Georgia state Sen. Payne calls opponent 'loser,' says campaign letter 'not honest'

Sen. Chuck Payne and Scott Tidwell answer questions during a candidate forum for the May 22 primary Tuesday, April 24, 2018 at Southeast Whitfield County High School in Dalton, Ga. The two will be running against each other for the District 54 State Senate seat in the upcoming primary election.

DALTON, Ga. - State Sen. Chuck Payne told his opponent Tuesday evening that he was tired of the lies he's been spreading, that he "illustrates all that I'm working against."

The trigger? A letter Payne's challenger, Scott Tidwell, sent residents this week. It says Tidwell is running for office May 22, and that he has a lovely wife of 24 years, and that he has four children, and that he works at a local funeral home.

Also: "Our current Senator has aligned with the left-wing Democrats at our state capitol on the issue of illegal immigration."

Payne, R-Dalton, told a small crowd during a forum at Southeast Whitfield County High School that the letter is "without truth. And there's nothing in it that represents anything of truth." As a state lawmaker, he said, he has no control over immigration policies. He said Tidwell should know that.

"For my opponent to continue to go around and saying I'm for illegal immigration - I'm not," he continued. "And that's not honest. And that's not truth. I have committed myself from the time I started this that I'm going to be honest."

He then attacked Tidwell for their first interaction after Tidwell qualified to run. Payne told the crowd that he texted Tidwell, wishing him good luck in the race. At Tidwell's invitation, Payne spoke at the church that Tidwell pastors.

He said he hadn't heard any complaints from Tidwell about his work in the legislature. But when Payne texted him about their race against each other, he said Tidwell told him he had been trying to figure out a way to break the news to him.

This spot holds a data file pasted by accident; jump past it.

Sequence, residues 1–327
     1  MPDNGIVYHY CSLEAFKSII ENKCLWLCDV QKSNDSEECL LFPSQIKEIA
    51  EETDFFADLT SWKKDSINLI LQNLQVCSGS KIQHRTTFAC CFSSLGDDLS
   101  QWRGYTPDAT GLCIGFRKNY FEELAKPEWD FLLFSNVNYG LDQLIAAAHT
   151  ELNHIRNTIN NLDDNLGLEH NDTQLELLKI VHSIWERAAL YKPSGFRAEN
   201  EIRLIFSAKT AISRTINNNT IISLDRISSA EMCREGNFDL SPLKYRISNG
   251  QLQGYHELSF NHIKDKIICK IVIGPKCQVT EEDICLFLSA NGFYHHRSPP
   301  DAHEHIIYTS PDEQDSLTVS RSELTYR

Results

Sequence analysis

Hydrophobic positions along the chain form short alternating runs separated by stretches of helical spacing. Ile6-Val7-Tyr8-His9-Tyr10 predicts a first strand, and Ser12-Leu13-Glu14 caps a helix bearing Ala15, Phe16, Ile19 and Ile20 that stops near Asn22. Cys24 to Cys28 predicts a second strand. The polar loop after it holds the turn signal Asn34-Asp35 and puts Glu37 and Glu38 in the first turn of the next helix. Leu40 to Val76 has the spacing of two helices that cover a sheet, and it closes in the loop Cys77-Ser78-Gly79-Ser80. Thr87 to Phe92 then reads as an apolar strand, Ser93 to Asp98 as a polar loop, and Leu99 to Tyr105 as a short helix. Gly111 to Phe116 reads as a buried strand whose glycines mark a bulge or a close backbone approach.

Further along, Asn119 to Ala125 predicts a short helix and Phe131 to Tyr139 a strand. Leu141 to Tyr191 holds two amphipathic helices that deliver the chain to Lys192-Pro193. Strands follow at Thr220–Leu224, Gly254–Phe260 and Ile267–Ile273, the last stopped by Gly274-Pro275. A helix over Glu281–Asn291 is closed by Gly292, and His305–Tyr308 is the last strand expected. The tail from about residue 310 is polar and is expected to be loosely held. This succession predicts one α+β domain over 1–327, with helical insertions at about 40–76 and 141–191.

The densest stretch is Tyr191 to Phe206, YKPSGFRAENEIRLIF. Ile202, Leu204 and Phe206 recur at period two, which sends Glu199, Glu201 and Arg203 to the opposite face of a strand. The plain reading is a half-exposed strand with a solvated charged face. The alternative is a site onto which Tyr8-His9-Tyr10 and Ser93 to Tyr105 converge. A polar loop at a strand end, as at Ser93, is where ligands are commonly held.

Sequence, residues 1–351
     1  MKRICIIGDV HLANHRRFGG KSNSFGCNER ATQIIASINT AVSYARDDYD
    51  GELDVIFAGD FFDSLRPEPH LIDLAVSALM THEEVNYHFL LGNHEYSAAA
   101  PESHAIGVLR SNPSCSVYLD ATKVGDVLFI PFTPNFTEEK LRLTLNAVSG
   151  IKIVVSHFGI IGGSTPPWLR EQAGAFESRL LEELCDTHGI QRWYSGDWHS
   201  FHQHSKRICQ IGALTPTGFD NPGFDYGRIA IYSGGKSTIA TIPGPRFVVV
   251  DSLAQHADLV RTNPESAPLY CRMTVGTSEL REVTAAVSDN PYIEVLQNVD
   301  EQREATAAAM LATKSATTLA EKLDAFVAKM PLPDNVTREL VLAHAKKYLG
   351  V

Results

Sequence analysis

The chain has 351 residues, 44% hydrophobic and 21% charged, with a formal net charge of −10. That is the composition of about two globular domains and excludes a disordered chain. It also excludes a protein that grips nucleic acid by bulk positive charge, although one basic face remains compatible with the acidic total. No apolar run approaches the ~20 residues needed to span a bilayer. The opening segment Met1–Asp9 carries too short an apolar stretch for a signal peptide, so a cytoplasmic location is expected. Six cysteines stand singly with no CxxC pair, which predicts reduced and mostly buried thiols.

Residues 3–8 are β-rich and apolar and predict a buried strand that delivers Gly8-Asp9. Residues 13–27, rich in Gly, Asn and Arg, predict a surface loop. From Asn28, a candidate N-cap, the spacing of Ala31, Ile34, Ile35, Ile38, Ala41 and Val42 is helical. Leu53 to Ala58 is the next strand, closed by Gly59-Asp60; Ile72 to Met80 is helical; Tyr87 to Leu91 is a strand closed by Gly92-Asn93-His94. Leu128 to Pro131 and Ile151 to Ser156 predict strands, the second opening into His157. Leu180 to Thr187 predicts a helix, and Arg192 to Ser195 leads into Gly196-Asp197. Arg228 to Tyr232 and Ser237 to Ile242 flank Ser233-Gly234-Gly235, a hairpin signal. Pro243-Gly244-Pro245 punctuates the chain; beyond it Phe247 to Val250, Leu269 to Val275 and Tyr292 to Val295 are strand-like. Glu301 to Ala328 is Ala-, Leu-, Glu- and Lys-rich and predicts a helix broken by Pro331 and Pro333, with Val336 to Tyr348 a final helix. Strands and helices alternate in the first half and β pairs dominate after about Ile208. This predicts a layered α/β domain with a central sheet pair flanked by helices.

"Scott," Payne said Tuesday, during the forum hosted by the Dalton Daily Citizen-News, "you were already a loser before you even came out of the gate."

Sitting next to Payne, Tidwell said he did not remember the specifics of their text exchange last month.

After the forum, he told the Times Free Press that he stands by the letter. He believes Payne should stand by state laws that can make life more uncomfortable for undocumented immigrants.

"We need to do everything we can to keep Georgia from being a magnet for illegal aliens," Tidwell said.

He decided to run against Payne after the state senator's Feb. 21 vote on a bill that would have given undocumented immigrants a different type of driver's license. Sponsored by state Sen. Josh McKoon, the bill proposed to create a "Driver's Safety Card" for immigrants with work visas. The cards would expire when the person's work permit did. It would also read "NO LAWFUL STATUS" and "NOT ACCEPTABLE FOR OFFICIAL PURPOSES."

With Payne's vote against the bill, it died in the Senate Public Safety Committee, 5-4, before it could reach the chamber. He said he opposed the bill because Georgia driver's licenses already say "limited term" on them when given to immigrants here on a work visa.

He believes the new licenses would cost too much money, and he doesn't think they would have much impact. But Tidwell said the bill would discourage immigrants from coming to Georgia illegally. Ultimately, he believes this will save the state money. Neither side provided estimates for the cost of the licenses.

"The illegal alien problem is threatening the economic state of Georgia," Tidwell said.

Compared to other parts of North Georgia, immigration issues are particularly important to Dalton. About half of the city's population is Latino.

On Tuesday, both candidates said they oppose allowing Deferred Action for Childhood Arrivals recipients, commonly known as dreamers, from paying in-state tuition to Georgia colleges and universities. The Georgia Court of Appeals ruled against DACA recipients appealing for the benefit last year.

Dalton State College could benefit from such a measure, as it became Georgia's first Hispanic Serving Institution earlier this year. The federal designation opens the school up to federal grants, so long as 25 percent of its population remains Latino.

Payne and Tidwell will face each other in the May 22 primary election. The winner of that contest will then go on to face Democratic challenger Michael Morgan in the November general election.

Contact staff writer Tyler Jett at 423-757-6476 or Follow him on Twitter @LetsJett.